News Cast for June 9th:
The governor vetoed a bill (SB 2508) that would have insured water supply for agriculture and people wanting to use area canals and the lake for fishing.
Supporters of the bill said South Florida would of had fewer water shortages.
Senate President Wilton Simpson, who supported the bill, said he did not want Florida to become like California with constant droughts and water shortages.
The bill also would have provided water for municipal water systems in cities around the lake and the city of West Palm Beach.
Corporate media falsely claim it will only ensure water for agriculture and would have hurt the Everglades.
Environmentalists want the lake levels lower and don’t want any releases to the St. Lucie estuary.
Captain Daniel Andrews of Fishermen for clean water said they are making progress on water issues.
“You see record investments for the Everglades and projects that get the job done. Construction of the Everglades reservoir and restoring water flows of the water the way nature intended. We are confident. We think we’ll be able to go out there and catch tarpon and enjoy the resource.”
Florida Governor Ron DeSantis promoted $1.2 billion in state funds this coming year to help the Everglades.
“This budget alone invests in water resources. It is far and away the best we have ever done.”
DeSantis also vetoed $350 million in aquifer storage wells designed to store water north of Lake Okeechobee.
Some on Okeechobee City Council want to see a reduction in costs for fire and rescue in the coming year.
Robert Jarriel said he would like to see a lower figure.
“You’ve done the service now. You know how many people it took. I hope a reduction would be forthcoming.”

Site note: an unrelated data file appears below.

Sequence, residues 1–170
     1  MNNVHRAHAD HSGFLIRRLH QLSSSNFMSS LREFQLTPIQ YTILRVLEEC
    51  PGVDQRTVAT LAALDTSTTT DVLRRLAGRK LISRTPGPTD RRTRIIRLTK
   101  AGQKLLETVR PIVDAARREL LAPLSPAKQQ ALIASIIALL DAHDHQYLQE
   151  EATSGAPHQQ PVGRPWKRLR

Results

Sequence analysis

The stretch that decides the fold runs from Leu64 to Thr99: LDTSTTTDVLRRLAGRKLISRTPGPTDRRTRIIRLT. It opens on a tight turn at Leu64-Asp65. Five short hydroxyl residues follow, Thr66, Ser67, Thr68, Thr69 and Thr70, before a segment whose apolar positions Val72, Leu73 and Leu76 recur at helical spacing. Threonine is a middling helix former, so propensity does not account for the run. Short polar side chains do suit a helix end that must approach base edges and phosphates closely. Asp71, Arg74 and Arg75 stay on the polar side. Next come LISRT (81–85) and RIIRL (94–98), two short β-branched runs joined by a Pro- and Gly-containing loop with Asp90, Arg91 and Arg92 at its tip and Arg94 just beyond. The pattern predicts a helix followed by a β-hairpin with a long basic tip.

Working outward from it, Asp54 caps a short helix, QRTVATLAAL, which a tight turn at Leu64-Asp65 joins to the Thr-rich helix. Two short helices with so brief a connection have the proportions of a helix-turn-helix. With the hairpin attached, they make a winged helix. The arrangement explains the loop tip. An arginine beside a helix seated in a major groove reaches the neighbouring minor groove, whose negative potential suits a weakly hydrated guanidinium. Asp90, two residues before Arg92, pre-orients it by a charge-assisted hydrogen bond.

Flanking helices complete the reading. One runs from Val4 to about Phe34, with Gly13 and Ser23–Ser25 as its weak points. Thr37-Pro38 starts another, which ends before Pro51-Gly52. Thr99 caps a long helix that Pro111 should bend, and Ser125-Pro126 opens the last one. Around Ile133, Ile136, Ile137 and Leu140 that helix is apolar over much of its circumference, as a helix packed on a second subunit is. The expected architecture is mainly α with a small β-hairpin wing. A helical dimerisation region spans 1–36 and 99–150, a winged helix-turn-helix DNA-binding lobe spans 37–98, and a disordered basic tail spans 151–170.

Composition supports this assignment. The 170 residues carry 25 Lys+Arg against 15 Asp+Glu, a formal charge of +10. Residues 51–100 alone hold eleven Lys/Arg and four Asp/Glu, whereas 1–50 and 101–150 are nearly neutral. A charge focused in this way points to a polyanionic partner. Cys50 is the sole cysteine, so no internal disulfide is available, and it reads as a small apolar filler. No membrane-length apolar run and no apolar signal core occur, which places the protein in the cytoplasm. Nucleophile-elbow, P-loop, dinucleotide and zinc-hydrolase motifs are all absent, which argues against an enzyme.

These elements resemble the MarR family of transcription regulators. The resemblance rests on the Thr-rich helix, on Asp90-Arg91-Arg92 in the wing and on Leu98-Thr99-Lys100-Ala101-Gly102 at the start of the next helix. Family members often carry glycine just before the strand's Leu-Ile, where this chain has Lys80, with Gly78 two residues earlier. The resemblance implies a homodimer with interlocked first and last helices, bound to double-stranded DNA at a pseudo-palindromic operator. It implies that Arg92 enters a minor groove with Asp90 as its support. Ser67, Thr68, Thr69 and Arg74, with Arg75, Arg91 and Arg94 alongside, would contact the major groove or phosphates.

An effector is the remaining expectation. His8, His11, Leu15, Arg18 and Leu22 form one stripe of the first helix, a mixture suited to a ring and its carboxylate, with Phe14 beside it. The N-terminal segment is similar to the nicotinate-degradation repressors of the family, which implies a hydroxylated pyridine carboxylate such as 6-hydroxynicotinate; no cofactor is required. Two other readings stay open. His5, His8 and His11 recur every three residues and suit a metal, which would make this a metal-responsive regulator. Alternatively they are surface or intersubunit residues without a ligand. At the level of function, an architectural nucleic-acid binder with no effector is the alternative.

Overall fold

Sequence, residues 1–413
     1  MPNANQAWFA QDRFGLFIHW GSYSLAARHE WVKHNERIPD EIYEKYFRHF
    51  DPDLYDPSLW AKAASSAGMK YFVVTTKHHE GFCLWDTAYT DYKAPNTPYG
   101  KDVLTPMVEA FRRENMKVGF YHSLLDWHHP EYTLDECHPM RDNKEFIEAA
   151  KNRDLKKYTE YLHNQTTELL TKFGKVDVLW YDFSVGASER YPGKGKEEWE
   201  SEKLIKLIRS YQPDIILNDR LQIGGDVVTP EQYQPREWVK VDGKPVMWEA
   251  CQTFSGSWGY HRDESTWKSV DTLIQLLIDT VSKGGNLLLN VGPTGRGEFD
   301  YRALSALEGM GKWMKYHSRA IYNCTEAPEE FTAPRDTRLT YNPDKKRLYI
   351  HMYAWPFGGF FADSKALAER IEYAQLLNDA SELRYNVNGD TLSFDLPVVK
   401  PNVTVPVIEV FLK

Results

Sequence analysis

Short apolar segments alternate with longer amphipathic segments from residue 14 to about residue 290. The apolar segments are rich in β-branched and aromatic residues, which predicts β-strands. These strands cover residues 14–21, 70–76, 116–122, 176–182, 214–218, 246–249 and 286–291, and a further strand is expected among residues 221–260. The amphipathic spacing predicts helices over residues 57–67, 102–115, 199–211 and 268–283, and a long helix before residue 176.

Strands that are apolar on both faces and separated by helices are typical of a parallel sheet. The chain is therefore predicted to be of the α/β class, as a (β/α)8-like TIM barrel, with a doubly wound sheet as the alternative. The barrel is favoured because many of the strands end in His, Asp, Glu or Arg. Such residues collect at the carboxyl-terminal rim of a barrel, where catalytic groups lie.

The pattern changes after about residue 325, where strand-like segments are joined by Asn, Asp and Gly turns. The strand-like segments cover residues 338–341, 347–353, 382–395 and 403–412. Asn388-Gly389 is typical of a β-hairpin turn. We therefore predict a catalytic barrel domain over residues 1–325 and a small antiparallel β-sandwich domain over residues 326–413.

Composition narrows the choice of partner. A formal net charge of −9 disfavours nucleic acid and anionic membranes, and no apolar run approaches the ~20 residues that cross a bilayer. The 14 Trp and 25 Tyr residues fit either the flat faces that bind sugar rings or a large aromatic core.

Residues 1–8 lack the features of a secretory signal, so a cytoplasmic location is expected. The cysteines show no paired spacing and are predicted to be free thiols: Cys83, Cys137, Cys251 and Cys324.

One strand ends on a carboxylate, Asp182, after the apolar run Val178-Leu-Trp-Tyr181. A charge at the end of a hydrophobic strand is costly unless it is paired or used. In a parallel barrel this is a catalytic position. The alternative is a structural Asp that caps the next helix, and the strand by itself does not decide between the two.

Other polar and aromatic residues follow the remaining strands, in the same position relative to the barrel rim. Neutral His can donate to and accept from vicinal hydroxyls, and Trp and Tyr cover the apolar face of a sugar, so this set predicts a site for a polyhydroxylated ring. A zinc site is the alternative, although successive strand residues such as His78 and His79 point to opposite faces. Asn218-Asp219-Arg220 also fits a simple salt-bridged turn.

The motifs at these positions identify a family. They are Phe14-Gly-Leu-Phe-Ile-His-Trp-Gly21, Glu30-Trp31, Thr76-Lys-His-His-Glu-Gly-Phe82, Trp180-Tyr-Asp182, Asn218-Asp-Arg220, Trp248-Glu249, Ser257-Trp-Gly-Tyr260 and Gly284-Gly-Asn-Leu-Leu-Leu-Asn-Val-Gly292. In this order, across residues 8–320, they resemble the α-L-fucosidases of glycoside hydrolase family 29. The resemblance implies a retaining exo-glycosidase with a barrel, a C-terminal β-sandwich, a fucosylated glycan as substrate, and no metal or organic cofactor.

The call volume has been steady when compared to other years and also gasoline prices are higher making it more expensive.
Councilmember Bobby Keefe suggested a city fire assessment and not taking money from ad valorem revenues.
He said he expects the costs to remain high.
“I know you requested the fire chief to come back with a smaller cost. Fuel prices and costs across the board are increasing. Nothing is going to get cheaper.”
A grim milestone set with child drowning deaths in Florida in 2021.
The number of deaths were a 30 percent increase over 2020, and the most in 12 years.
Florida also led the nation in drowning deaths of children under the age of five.
Scott Dressel with the Highlands County Sheriff’s Office said we have to do a better job of educating and supervising our children.
“There should always be an adult whose sole task is watching the kids while they are swimming. If your child will be spending a lot of time around lakes or pools, make sure that teaching them how to swim is a top priority.”
It could cost up to $18 million dollars for a new Indiantown village hall and administrative complex.
Plans also include a gymnasium, a bus stop, community center, splash pad and space for a pool, police station and fire station.
Councilmember Janet Hernandez said the village has to build with an eye toward the future.
“Our public has to understand that we are not thinking about today, tomorrow or the next five years. We are thinking about our great grandchildren.”
The new administrative complex could be two or three stories and would measure at least 13,00 square feet.
The village also wants to set up a green market in Post Family park to cut down on private yard sales and sales of goods along the highway like vegetables.
Architects presented a plan that also included a gymnasium, community center, splash pad and space for a future pool, police station and fire station.